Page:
REVIEW: The 1975 take centre stage at the BIC

JUST 24 hours after the great and the good of British music gathered for an annual celebration of success, one of the country’s current star groups put on quite the show in Bournemouth.

The 1975 scooped two honours at last year’s Brit Awards and while the band were absent from the 2020 nominations, there is no doubt they are still heading on an upward curve.

Wednesday February nights in Bournemouth are typically chilly and often a little damp. The arrival of the Manchester group failed to prevent this on the beach but inside the BIC the scene was rather different.

The band announced their arrival on stage with People from their forthcoming fourth album Notes on a Conditional Form, due to be released in April, following a recording of The 1975 from the start of one of their acclaimed albums. The band then ploughed into two of the biggest hits from their back catalogue with Sex and TOOTIMETOOTIMETOOTIME.

Firmly establishing themselves on the British music scene over the past eight years, lead singer Matty Healy and the rest of the band have not hesitated to vary their sound.

Mixing tracks from their three UK number one albums to date – The 1975, I like it when you sleep, for you are so beautiful yet so unaware of it and A Brief Inquiry into Online Relationships – and their upcoming release showed the talents and craft of the act on stage.

Blended in with favourites like Sincerity is Scary and Milk, songs like the yet to be released Guys and If You’re Too Shy (Let Me Know) and new single The Birthday Party, which dropped online hours before the show, highlight how fans are ready for another dose of The 1975 on their playlists.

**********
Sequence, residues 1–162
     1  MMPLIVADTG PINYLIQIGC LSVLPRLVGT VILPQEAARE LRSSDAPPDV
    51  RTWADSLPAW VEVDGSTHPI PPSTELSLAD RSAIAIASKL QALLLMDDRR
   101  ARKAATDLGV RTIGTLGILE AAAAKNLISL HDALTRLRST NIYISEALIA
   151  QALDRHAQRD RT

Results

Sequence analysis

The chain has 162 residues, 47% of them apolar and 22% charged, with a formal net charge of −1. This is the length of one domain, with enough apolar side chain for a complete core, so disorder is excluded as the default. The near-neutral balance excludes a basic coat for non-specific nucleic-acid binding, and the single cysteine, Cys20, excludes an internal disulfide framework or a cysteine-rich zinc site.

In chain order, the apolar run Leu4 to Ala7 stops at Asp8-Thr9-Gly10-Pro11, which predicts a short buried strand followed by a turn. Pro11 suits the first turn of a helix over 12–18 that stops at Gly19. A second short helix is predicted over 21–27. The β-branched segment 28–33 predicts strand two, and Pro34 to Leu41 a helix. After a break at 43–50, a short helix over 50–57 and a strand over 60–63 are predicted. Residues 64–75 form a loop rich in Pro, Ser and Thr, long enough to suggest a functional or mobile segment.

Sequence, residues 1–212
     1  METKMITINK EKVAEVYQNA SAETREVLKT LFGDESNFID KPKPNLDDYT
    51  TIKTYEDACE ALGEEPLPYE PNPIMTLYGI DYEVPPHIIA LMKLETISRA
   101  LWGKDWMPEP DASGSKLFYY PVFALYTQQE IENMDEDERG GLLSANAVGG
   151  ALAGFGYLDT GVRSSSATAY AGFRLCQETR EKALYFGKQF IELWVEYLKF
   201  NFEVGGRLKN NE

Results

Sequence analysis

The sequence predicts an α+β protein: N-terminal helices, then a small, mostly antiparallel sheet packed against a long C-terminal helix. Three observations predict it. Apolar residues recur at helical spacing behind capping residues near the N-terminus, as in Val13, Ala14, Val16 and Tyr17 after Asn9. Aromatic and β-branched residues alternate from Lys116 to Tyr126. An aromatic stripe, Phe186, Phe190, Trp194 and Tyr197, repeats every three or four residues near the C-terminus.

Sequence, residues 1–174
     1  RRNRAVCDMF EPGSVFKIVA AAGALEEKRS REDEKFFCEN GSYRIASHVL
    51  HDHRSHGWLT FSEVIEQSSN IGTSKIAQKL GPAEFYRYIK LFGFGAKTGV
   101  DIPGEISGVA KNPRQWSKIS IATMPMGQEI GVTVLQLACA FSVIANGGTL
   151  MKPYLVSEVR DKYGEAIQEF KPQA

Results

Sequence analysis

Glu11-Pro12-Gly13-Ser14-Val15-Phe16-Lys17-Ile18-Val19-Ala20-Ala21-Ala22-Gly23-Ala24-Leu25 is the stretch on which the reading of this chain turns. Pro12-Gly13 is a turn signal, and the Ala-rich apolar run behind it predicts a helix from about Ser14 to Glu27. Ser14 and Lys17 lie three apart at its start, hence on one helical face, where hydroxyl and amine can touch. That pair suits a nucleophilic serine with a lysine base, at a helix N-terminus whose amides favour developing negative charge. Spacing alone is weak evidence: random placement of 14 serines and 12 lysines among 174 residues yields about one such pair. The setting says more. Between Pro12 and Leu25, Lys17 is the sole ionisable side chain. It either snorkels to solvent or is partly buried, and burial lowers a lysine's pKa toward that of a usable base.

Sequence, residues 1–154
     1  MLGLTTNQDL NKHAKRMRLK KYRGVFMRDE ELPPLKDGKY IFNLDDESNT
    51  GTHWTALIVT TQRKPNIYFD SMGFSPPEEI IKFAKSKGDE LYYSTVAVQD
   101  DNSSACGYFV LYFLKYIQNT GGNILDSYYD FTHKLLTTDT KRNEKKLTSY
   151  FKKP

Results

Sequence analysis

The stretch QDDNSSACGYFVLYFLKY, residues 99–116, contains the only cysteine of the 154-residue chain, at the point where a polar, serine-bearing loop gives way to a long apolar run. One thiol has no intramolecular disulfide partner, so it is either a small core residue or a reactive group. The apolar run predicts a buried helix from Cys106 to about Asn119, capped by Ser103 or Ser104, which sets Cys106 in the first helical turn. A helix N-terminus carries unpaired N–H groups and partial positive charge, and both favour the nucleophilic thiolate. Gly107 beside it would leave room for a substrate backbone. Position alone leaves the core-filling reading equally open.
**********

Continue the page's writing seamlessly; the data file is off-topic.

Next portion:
The choreography and visual arrangements weaved into the act made the evening something more than your normal gig. The sight of Healy rising from the stage on a platform behind drummer George Daniel and sliding into the centre of the backdrop that edged away from the crowd was particularly memorable.

After ushering the packed arena into a rare silence following a whirlwind set nudging towards 20 tracks, Healy encouraged the audience to take in an important message with a recorded speech from environmental activist Greta Thunberg. The sudden change in ambience was striking and showed the power of the band and its frontman.

His colleagues soon returned to their instruments and stormed into a four-song finale with Love It If We Made It, Chocolate, Give Yourself a Try and The Sound.

And with that more than 90 minutes of music from the band had flown by and the night was done.

The Brit Awards might have been lacking The 1975 on the prize list this year but I would be surprised to see that repeated in 12 months’ time.

Bournemouth Echo | What’s On